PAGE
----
Tuesday, October 16, 2007

Custom 404 Errors and Issues they Create

When you setup a custom 404 error in you Web.Config file, it only handles invalid URL's that have a file extension on them. For instance, www.masonblake.net/nofile.aspx will be caught by ASP.NET and properly send you to the custom 404 page you have setup (/404.aspx). But when you enter a URL without a file extension, say www.masonblake.net/somefolder/invalidpath, ASP.NET does not catch this.

What I've done is set this 404 custom error in both the web.config and in the IIS Custom Errors tab (in the properties of your website or virtual directory). But this also causes some issues, especially if your custom 404 page has forms that post back data for searching, logging in, or anything like that. Here's what happens. (btw, this is not setup on my domain in which I use the examples)

  1. You enter an invalid path, www.masonblake.net/nofolder/nofile

  2. This is caught as a 404, File Not Found and sends you to /404.aspx

  3. So you didn't find what your looking for and decided to search on this 404 page. You enter "Melodic Jones" into the search box and click "Search"

  4. Then an error happens!! Because the form you just tried to post thinks that it's posting back to /nofolder/404.aspx when actually it needs to post to /404.aspx.

    • As far as I understand.... when IIS does a custom error catch, it does a Server.Transfer, whereas ASP.NET (with Web.Config) does a Response.Redirect.

    • That means this issue doesn't arrise when you put in a file extension in your invalid path, only when there is no file extension on your invalid URL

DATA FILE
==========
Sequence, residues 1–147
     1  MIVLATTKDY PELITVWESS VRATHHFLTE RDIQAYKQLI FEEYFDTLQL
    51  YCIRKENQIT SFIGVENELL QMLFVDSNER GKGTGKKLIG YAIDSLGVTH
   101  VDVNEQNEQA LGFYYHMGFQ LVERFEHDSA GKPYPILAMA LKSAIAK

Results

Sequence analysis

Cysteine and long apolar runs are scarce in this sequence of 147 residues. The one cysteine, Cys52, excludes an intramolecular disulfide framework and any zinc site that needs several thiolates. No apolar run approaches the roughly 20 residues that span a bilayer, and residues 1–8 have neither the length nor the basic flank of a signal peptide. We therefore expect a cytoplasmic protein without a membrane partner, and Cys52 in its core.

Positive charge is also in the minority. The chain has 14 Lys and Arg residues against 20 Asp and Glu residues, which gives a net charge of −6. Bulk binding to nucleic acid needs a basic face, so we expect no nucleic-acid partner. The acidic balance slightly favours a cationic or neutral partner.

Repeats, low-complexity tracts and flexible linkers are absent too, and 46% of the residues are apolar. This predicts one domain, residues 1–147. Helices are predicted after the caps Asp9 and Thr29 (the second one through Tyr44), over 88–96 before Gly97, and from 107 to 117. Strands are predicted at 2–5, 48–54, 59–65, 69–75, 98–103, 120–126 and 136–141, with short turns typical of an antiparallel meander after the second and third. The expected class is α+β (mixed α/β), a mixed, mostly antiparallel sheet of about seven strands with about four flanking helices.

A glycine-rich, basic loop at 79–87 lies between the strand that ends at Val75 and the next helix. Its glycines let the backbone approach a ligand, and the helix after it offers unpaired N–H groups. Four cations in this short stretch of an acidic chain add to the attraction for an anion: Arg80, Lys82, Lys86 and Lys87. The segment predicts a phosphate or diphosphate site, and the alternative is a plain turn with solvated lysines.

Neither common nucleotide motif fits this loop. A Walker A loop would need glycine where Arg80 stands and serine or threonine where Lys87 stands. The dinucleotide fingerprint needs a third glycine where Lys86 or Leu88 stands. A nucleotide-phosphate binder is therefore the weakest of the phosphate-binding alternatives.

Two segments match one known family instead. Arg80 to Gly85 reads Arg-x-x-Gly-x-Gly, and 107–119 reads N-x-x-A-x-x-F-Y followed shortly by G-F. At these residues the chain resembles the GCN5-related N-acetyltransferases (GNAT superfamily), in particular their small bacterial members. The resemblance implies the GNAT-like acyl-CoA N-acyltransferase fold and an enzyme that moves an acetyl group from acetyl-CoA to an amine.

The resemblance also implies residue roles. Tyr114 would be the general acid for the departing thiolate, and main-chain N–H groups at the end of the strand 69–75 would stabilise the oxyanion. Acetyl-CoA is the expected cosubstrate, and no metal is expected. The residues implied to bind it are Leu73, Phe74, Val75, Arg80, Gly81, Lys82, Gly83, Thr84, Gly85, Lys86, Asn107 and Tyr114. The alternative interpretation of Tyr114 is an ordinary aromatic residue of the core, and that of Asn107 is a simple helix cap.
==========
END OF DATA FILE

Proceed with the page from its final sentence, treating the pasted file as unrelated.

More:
So now, you're effectively getting 2 errors for every 404 Page Not Found. Ouch, your error logs are getting big!

What I've done to work around this is I've taken Scott Mitchell's article on "Actionless Forms" and modified it myself to make this a FullUrlForm control which inherits from HtmlForm. Here is the implementation.

What I wanted to do was be able to set the Form control's Action attribute to the full URL on that page, so it would never be confused about the path it should post back to. After much toying around, I was not able to directly modify the HtmlForm's Action attribute without creating my own custom control. Below, I've created a new HtmlForm control, "FullUrlForm".

public class FullUrlForm : HtmlForm
private string _fullUrlAction;

public string FullUrlAction
get { return _fullUrlAction; }
set { _fullUrlAction = value; }

protected override void RenderAttributes(HtmlTextWriter writer)
writer.WriteAttribute("name", this.Name);

writer.WriteAttribute("method", this.Method);

//write the full URL action, specified in the property
// or, if not set, don't write the action at all
if (!string.IsNullOrEmpty(this.FullUrlAction))
writer.WriteAttribute("action", _fullUrlAction);


if (base.ID != null)
writer.WriteAttribute("id", base.ClientID);

So then on your page, you need to add the Register attribute, like so:
<%@ Register TagPrefix="MyControls" Namespace="MySite.UI" %>

Then replace the <form> tag in your page with this:
<MyControls:FullUrlForm id="form1" runat="server">

It has it's own new property FullUrlAction, which can be set in the control as an attribute or programmatically in the code-behind. I've set it in the code behind, like below, and use the site root variable which I've set globally in order to easily access the root domain/URL of the server I'm currently on.

form1.FullUriAction = string.Format("{0}/404.aspx", Root);

To use it as a tag attribute, simply edit your tag to look like this:
<MyControls:FullUrlForm id="form1" runat="server" fullurlaction="http://www.masonblake.net/404.aspx">


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